The HP Way and the Rise of SAP

In Joshua Greenbaum's sound off on the departure of HP CEO Carly Fiorina, he reminds us: "SAP was just beginning its steady climb to the top of the enterprise software heap as HP was beginning its slow march south is more than ironic -- it's emblematic of how shiny Silicon Valley stars lose their luster and upstarts from the beet fields of Germany come to replace them." Read the full column for more.

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Here's my post-mortem on Carly Fiorina and HP: No enterprise software strategy meant no future. The HP Way took a company that was a leading provider of what passed for enterprise software in the 1980s and bankrupted that legacy through the 1990s and into the current century. The fact that SAP was just beginning its steady climb to the top of the enterprise software heap as HP was beginning its slow march south is more than ironic --...

it's emblematic of how shiny Silicon Valley stars lose their luster and upstarts from the beet fields of Germany come to replace them.

HP was a leading partner of SAP in the 1990s, and had a lot of clout and influence in key verticals like oil and gas. HP also understood Unix, client/server, and relational databases in a way that IBM mainframe-focused companies like SAP couldn't grok. HP's problem is that it never extended that vertical knowledge and deep technical know-how into anything more specific than faster hardware. SAP, by contrast, kept moving up the value chain by building business knowledge into software, and showing that business process, not fast processors, was what drove business competitiveness and innovation.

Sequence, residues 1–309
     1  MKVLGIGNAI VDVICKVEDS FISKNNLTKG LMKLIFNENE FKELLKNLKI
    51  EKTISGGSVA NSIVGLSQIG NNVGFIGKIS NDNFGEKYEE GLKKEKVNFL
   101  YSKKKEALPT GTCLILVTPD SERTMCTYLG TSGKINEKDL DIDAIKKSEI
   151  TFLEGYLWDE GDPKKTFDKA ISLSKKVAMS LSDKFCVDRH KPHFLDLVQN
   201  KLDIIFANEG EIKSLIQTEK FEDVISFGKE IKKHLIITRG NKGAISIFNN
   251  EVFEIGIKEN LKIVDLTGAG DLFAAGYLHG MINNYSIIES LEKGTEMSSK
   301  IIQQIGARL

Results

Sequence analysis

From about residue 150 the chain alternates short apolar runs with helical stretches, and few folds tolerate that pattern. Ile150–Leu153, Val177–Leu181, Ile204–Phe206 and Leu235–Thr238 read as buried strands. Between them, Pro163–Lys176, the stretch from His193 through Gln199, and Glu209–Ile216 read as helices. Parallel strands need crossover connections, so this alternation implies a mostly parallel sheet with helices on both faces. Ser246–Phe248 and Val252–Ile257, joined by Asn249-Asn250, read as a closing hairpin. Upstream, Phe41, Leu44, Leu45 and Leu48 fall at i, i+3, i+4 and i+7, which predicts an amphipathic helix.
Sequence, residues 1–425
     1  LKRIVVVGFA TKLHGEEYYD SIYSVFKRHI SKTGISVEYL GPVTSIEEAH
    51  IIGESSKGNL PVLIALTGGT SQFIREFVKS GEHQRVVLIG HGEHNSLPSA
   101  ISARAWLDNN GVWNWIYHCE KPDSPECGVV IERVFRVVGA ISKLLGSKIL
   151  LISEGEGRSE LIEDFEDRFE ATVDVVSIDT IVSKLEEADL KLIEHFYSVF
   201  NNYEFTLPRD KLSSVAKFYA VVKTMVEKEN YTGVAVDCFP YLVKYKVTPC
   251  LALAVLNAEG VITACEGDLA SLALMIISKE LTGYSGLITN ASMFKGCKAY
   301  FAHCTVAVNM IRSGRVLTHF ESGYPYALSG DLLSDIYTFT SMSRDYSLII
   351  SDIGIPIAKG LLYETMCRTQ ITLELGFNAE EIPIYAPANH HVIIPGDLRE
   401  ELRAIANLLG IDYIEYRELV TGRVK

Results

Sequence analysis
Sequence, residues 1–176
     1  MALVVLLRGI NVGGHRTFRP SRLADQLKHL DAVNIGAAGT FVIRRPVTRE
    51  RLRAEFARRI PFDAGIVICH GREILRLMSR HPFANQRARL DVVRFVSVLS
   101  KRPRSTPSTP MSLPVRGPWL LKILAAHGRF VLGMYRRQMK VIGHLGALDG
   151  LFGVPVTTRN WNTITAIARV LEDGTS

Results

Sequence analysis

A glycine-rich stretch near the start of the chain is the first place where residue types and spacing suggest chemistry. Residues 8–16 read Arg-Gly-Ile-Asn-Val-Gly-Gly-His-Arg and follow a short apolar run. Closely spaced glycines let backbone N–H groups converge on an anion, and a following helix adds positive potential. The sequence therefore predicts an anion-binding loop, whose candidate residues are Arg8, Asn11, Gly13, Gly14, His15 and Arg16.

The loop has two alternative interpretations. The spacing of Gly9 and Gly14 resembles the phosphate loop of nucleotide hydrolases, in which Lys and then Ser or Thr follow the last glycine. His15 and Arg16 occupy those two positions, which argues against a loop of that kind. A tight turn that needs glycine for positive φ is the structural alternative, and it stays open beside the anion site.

By the time Carly showed up, coming from a similarly software-challenged Lucent, the die was cast. Her big deal was to buy more hardware -- Compaq -- and her big goof was to let that other value-add -- consulting and services in the form of PriceWaterhouseCoopers -- get away. The result was descending innovation capacity where it counted the most and a growing capacity for the things that matter the least -- more hardware.

Meanwhile, SAP was showing that software can really transform companies in ways that HP's hardware couldn't. HP focused on harvesting wheat, SAP baked bread. The SAP Way has turned out to be by far the better strategy. Which is all the more ironic because HP didn't have to become the has-been it is today. IBM has showed that hardware companies can bake bread too, though with a vastly different recipe book.

What's left for HP? It's time to move up the food chain, not down. There is actually a lot of software and business knowledge at HP, it's just been buried in bad management and bad strategy for too long. Unleashing this knowledge might be the foundation of a new HP. If Carly's departure proves one thing at all, it's that HP has definitely lost its Way.

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